Parshat Balak offers us a unique view of the nascent Israelite nation. For the past several weeks we have been visitors inside the Israelite camp as they made their way from Sinai to the Promised Land. There were the complaints of the Israelites about their lack of food and water. We have seen jealousy spur Aaron and Miriam to make accusations against their brother Moses. Civil war threatened to erupt around the question of leadership of the nation. In the middle of their wanderings, a popular revolt arises around the ability to conquer the land and a large number of the Israelites want to return to Egypt. On the whole it is a discouraging picture that has been painted of our ancestors. Now, for the first time in Sefer Bamidbar, the Book of Numbers, we get a different perspective and a different view of our people.
With all that has happened, it is easy to forget that the dor ha-midbar, the generation of the desert, was a special, unique, holy generation. These were the people who cried out to God from Egyptian slavery. God heard and answered their prayers. They were the beneficiaries of the 10 plagues, they saw the miracle at the Red Sea, and they stood at Sinai. This was a generation that merited Divine salvation. For all their perceived shortcomings, the generation of the desert was lauded by our rabbis as a holy generation who merited Divine reward and Divine punishment. Our tradition tells us that no other generation in our people’s history could match them and no other generation is as meritorious as they.
Perhaps it is to restore that forgotten status that we have the story of Balak and Balaam. While the protagonists of the story are the Moabite king, Balak, and the would-be-curser of Israel, Balaam, the heroes of the story are the people of Israel. Though they are silent and only seen from the outside, the Israelites are recognized as a special and holy community. Three times Balak drags Balaam to view the people from the heights surrounding the Israelites hoping Balaam would see this people as Balak does. Each time Balaam gazes on the people and sees a peaceful camp and a God-inspired people.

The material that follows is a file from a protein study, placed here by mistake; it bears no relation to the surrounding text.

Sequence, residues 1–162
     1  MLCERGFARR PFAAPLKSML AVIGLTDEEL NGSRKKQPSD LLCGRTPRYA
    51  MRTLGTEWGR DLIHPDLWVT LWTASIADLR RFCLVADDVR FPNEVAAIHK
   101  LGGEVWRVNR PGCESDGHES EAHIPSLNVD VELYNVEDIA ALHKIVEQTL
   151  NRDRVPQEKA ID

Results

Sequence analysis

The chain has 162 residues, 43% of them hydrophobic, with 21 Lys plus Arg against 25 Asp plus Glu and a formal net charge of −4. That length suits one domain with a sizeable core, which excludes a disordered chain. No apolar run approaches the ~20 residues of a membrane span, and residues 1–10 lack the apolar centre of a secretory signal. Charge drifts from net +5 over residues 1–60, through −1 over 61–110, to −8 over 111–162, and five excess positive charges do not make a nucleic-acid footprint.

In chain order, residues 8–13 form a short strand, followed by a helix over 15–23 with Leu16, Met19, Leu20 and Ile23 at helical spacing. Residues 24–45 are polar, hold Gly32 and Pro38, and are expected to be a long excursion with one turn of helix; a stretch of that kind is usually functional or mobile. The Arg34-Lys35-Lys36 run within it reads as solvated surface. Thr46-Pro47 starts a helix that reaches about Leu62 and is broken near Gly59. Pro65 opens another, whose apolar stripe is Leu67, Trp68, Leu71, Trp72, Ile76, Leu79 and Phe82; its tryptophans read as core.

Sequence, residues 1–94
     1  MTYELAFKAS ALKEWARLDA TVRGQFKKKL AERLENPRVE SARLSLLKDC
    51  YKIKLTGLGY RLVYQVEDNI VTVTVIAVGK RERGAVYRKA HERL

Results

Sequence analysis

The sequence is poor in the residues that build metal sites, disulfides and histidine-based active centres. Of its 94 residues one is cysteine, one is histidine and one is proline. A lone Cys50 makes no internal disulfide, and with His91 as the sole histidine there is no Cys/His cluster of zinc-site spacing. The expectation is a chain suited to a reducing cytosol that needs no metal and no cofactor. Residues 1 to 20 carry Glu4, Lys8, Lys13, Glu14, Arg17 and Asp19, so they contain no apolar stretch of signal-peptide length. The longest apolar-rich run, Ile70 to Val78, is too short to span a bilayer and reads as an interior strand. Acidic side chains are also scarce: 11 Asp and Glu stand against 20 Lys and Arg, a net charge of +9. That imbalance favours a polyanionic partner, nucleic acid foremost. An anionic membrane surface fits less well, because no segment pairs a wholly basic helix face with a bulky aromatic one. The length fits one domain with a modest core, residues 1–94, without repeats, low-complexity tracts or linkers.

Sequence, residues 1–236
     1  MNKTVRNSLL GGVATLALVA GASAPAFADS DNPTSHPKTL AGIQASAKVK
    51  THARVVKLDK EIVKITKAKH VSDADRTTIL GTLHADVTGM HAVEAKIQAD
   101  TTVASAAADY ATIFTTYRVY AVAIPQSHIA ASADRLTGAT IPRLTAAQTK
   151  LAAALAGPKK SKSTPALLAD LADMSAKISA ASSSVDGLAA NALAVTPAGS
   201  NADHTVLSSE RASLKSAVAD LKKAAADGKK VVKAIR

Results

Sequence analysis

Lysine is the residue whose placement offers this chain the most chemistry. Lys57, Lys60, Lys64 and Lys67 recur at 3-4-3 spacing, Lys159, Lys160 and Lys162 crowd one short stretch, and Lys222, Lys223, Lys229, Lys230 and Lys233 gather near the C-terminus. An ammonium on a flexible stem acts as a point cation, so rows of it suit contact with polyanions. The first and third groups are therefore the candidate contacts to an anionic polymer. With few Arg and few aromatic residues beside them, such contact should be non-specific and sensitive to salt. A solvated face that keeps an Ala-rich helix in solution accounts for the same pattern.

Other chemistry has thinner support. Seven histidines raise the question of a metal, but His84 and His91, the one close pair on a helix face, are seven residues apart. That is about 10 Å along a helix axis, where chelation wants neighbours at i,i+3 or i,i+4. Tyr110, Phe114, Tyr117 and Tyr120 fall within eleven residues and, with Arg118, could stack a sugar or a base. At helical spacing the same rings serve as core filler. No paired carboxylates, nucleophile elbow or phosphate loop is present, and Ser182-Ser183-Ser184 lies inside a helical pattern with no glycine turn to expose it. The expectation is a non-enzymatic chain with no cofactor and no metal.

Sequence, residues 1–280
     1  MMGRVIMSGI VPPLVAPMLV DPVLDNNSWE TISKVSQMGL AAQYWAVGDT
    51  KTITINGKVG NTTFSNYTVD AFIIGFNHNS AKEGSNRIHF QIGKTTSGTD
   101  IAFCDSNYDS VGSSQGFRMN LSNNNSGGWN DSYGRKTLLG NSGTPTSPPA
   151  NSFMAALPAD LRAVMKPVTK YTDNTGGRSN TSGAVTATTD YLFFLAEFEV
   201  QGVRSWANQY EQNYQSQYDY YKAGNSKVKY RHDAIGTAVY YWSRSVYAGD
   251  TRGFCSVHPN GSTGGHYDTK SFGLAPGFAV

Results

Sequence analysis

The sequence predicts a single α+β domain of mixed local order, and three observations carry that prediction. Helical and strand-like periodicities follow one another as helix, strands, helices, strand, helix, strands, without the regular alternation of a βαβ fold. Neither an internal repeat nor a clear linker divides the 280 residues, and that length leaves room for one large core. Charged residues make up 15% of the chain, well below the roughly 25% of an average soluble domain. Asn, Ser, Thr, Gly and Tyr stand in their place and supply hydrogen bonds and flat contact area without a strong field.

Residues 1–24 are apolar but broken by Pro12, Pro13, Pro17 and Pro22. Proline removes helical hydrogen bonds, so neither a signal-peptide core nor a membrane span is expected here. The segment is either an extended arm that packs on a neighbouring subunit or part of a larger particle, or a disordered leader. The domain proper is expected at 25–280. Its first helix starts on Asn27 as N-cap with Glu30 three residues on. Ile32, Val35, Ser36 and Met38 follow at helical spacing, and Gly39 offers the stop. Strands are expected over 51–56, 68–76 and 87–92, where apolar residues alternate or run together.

Balaam’s blessings reflect the nation he sees from afar. His perspective allows him to view the beauty of the totality of Israel unhindered by the warts those who are within the camp see. One might say that if Balaam could see the Israelites from within the camp, he might not have offered such beautiful blessings. But the opposite is true as well; those within the camp would benefit from being able to step outside and see the big picture.
This week we all step outside the camp and are reminded of the beauty of this people. They were forged into a people in the heat of Egyptian slavery. In their anguish they cried out to God and with hope they followed Moses into the wilderness. Their cries touched God and in turn God touched them. While their journey to nationhood is rough, the fact that they emerged from bondage is miraculous. For once we are urged to look at the big picture and see the beauty of this people.
The lesson of Parshat Balak should not be lost on us. While our generation might not match the piety of the generation of the desert, we face a similar dynamic. Too often we focus on our shortcomings without looking on our beauty.
We know what divides us. We are all too cognizant of our differences and focus on those differences all too often. We will point at each other and claim the differences are flaws and warts. In reality they are not flaws; rather they are part of who we are. We are not diminished by them, so long as we remember we are one people. Stepping back, our differences disappear and as the mosaic of the Jewish people meld together, our strength and beauty is apparent.
Ages ago, a pagan prophet stepped out on a promontory and peered down on the newly formed nation of Israel. His words rang with blessings, and while his perspective could not enlighten the king of Moab, they continue to teach the descendants of those people an important lesson: Our beauty is apparent once we step back and look at ourselves as a whole. We are a beautiful people.